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Old 11-05-2014, 12:54 PM   #1
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Gap between subfloor and wall


Recently I removed some laminate floor in a bedroom because it was in rough shape. Underneath I noticed that there's a newer looking subfloor attached to anpther aubfloor underneath, however for some unknown reason it doesn't reach all the way to the walls. There's gaps from 1/4" up to 1" in some spots. They are only 1/2" deep (thickness of plywood used for subfloor.

I'd like to fill these as I will be putting laminate back down. What's the easiest way to fill these? Am I stuck trying to cut wedges of plywood to fit in there?

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Old 11-05-2014, 07:04 PM   #2
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That's not subflooring, it's underlayment.
Subflooring is attached to the floor joist.
There is no reason to fill it.
There needs to be room for expansion and the laminate also needs to be installed so there's a gap between the baseboard or bottom plate or it's going to buckle.
The 1/4 round or shoe moldings going to cover it up.
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Old 11-05-2014, 07:07 PM   #3
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Quote:
Originally Posted by joecaption
That's not subflooring, it's underlayment. Subflooring is attached to the floor joist. There is no reason to fill it. There needs to be room for expansion and the laminate also needs to be installed so there's a gap between the baseboard or bottom plate or it's going to buckle. The 1/4 round or shoe moldings going to cover it up.
I may not have explained this properly, but there is plywood down, nailed to older looking floorboards. It's an old house. Anyhow, it's the plywood that has that gap all the way around. Not the laminate. This is my concern is that the last even with the expansion gap for laminate, there will still be as much as 3/4" of the end of laminate board with no support under it.

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Old 11-05-2014, 07:12 PM   #4
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It's still considered underlayment.
Not getting the issue, there's never going to be any down pressure that close to the wall so it's not going to have any effect at all on that type flooring
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Old 11-05-2014, 07:13 PM   #5
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Quote:
Originally Posted by joecaption
It's still considered underlayment. Not getting the issue, there's never going to be any down pressure that close to the wall so it's not going to have any effect at all on that type flooring
I'm really concerned with furniture like a bed or dresser with legs. I worry that the back legs will be on that last inch which won't have anything under the laminate...

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Old 11-05-2014, 07:17 PM   #6
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Do what you want but it's a nonissue.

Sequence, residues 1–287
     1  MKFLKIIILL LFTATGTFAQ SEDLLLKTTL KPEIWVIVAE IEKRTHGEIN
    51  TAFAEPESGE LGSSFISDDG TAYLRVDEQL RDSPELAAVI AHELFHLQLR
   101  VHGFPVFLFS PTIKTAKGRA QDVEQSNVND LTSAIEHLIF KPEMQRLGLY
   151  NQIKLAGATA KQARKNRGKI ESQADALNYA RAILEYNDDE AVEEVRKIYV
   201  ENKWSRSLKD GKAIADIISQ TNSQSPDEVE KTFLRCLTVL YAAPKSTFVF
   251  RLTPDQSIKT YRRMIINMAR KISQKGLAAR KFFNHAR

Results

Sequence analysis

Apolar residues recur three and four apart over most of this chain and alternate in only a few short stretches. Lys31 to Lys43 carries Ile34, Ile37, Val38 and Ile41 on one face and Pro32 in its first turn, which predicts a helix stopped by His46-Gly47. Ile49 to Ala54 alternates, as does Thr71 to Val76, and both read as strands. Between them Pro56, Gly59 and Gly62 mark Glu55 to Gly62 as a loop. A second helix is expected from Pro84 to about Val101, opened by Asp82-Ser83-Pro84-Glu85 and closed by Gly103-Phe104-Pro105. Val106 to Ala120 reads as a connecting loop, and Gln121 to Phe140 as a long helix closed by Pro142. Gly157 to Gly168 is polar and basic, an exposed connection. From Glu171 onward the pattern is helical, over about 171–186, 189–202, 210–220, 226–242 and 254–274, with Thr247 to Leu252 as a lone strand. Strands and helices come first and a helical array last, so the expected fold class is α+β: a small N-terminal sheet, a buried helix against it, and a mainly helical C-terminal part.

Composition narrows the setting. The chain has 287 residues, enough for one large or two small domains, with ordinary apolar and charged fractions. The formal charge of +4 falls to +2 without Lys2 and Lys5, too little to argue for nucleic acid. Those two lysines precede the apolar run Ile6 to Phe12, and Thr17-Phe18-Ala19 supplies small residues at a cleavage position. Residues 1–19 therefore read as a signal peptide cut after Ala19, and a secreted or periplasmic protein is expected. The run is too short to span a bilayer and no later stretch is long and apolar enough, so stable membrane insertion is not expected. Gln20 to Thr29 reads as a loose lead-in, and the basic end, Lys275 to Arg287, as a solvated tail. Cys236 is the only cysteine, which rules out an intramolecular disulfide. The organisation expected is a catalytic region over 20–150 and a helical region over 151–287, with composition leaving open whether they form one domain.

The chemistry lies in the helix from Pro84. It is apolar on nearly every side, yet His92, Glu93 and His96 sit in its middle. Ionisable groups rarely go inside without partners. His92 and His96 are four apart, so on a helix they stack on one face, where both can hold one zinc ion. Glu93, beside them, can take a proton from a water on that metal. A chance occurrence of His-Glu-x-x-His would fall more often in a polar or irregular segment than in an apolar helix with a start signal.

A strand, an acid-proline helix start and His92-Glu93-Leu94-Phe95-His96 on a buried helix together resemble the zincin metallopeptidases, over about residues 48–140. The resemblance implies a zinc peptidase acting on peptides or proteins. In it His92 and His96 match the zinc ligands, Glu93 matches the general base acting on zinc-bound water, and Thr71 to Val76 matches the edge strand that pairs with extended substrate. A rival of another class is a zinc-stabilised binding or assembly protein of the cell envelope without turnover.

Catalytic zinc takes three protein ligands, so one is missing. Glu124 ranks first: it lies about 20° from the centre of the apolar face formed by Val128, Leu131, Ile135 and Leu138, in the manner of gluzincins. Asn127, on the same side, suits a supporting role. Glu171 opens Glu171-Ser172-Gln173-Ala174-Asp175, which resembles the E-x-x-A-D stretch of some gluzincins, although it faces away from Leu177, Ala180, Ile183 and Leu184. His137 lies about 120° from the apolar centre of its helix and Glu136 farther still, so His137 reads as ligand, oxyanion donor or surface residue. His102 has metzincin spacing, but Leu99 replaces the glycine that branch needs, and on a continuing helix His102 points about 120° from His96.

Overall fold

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Old 11-05-2014, 07:20 PM   #7
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Quote:
Originally Posted by joecaption
Do what you want but it's a nonissue.
Id rater not do anything about it as long as I won't have any issues. I'm just not understanding how it wouldn't be an issue with furniture? Are you suggesting that it's so narrow once the baseboard takes up a bit of the gap that it won't matter?

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Old 11-05-2014, 07:26 PM   #8
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No one here has seen a picture so where going to have to guess how your underlayment was installed and if your going to install the flooring with the baseboard on or off.
Base is at least 1/2" 1/4 round is at least 1/2" thick. shoe moulding is 1/2"
That takes care of the gap.
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Old 11-05-2014, 07:29 PM   #9
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Quote:
Originally Posted by joecaption
No one here has seen a picture so where going to have to guess how your underlayment was installed and if your going to install the flooring with the baseboard on or off. Base is at least 1/2" 1/4 round is at least 1/2" thick. shoe moulding is 1/2" That takes care of the gap.
I don't have a picture right now, but the laminate will go in before the baseboards. I wasn't planning on using 1/4 round or shoe moulding. So just 1/2inch baseboard, leaves a half inch of laminate with no support under it. This was my concern. Worse comes to worse I could add shoe moulding...

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Old 11-05-2014, 07:32 PM   #10
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Worryed about nothing.
Ever seen a piece of furniture or a bed with 1/2" feet?
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Old 11-05-2014, 07:33 PM   #11
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Quote:
Originally Posted by joecaption
Worryed about nothing. Ever seen a piece of furniture or a bed with 1/2" feet?
Haha no I suppose I haven't. I'll leave it as is. Thanks!

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